A B.C. woman is fighting for her right to sue the federal and provincial governments over the RCMP's failure to respond to gunshots that killed her daughter.
Rosemarie Surakka filed the lawsuit in 2011, three years after her daughter Lisa Dudley, 37, was gunned down along with her boyfriend Guthrie McKay, 33, in their home in Mission.
Surakka alleges the B.C. and federal governments — in their responsibility for the RCMP — failed to uphold her daughter's rights under Section 7 of the Charter of Rights and Freedoms, which guarantees a person's right to life, liberty and security.
While the RCMP was called to the scene of the shooting by a neighbour who heard the gunshots, the officer never got out of his car or knocked on a single door, reporting later that everything looked normal in the area.
McKay was killed instantly, but Dudley was paralyzed, and survived four days in the house until a neighbour stumbled on the scene. She died before reaching the hospital.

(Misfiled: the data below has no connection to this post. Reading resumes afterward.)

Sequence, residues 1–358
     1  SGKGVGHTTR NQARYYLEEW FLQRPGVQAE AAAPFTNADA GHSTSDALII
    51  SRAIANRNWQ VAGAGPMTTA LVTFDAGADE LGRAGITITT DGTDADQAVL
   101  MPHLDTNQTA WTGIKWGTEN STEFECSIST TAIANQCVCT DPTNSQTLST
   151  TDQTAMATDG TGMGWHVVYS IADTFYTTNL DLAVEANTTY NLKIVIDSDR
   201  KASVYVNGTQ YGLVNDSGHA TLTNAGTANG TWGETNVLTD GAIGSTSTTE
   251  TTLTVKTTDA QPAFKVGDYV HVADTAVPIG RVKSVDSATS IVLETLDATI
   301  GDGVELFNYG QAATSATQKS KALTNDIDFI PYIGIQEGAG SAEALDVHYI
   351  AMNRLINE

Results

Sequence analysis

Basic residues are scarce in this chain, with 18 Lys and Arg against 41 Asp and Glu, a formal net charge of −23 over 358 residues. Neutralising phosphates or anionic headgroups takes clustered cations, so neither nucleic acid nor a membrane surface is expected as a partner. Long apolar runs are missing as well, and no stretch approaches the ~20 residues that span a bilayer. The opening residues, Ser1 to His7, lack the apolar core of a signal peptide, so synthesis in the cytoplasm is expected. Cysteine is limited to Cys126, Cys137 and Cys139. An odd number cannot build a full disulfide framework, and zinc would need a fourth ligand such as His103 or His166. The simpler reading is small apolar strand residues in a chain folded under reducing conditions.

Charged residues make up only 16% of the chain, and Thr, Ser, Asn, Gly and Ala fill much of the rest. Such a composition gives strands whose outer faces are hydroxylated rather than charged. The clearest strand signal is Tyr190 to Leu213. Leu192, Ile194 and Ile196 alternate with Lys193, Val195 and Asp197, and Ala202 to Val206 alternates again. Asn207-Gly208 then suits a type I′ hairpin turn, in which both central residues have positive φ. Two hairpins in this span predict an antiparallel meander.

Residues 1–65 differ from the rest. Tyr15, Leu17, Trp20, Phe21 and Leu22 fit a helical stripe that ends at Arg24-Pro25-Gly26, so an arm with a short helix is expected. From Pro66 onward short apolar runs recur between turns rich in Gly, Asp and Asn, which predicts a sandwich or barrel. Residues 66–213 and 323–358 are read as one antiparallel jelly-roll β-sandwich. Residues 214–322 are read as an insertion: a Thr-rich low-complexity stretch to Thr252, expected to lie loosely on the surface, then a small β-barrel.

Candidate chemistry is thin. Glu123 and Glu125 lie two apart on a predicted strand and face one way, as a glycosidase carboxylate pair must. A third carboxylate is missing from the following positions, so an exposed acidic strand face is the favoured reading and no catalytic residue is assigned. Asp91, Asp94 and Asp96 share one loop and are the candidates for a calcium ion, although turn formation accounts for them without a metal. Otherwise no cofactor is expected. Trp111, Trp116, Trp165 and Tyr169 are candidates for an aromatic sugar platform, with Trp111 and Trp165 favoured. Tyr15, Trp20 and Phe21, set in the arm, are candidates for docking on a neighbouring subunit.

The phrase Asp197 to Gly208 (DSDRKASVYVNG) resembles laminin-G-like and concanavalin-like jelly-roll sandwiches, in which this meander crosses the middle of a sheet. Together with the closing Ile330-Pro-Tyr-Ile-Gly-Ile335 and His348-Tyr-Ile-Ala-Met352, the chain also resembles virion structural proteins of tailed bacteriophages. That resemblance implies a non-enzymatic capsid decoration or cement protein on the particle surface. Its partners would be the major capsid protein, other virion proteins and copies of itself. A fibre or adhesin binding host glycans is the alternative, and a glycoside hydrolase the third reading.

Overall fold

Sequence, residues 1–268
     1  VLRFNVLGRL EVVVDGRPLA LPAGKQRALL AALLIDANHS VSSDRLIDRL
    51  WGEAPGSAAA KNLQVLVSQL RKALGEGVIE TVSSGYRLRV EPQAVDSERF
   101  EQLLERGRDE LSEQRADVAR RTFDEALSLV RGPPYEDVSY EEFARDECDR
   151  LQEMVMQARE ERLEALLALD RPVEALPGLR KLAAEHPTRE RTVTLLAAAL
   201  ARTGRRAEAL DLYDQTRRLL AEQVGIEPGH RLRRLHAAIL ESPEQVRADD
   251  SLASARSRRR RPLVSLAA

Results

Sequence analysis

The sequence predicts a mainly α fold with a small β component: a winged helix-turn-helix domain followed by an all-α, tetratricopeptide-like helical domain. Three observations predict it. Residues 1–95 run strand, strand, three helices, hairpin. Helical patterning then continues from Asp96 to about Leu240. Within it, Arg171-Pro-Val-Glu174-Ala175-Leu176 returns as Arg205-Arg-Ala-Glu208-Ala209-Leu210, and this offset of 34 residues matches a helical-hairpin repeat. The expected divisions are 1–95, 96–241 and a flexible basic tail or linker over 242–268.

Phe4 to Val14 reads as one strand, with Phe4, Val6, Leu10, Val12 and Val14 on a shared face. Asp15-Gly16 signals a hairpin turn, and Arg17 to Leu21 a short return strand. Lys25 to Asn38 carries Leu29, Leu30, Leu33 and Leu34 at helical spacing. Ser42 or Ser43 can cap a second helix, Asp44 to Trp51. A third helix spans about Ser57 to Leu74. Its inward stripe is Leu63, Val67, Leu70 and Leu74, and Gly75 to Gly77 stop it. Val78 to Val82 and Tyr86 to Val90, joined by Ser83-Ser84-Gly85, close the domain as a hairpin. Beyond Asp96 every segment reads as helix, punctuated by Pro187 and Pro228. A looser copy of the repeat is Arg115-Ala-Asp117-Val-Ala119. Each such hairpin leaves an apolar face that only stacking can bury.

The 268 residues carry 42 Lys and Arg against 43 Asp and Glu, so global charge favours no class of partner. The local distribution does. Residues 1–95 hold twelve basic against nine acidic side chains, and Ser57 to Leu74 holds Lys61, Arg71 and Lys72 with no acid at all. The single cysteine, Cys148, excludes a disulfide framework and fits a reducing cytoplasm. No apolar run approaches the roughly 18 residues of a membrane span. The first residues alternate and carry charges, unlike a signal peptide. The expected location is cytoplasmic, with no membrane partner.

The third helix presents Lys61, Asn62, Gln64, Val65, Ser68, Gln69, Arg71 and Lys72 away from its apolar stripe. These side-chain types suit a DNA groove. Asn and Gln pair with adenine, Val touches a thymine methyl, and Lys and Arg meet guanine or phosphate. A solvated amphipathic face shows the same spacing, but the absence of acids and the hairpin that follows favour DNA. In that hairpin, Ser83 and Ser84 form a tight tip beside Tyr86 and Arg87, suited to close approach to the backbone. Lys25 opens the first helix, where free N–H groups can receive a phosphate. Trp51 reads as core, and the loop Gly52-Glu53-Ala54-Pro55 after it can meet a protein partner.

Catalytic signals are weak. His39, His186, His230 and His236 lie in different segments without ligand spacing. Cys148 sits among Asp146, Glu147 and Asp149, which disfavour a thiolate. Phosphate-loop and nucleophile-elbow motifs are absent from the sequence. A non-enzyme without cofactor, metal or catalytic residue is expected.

The officer who failed to investigate the gunshots was later found guilty of disgraceful conduct and docked one day's pay.
Federal lawyers with the Department of Justice want the case thrown out, arguing that Charter rights are personal, and no one can seek a remedy for the violation of someone else's Charter rights. They argue any rights Dudley had were extinguished when she died.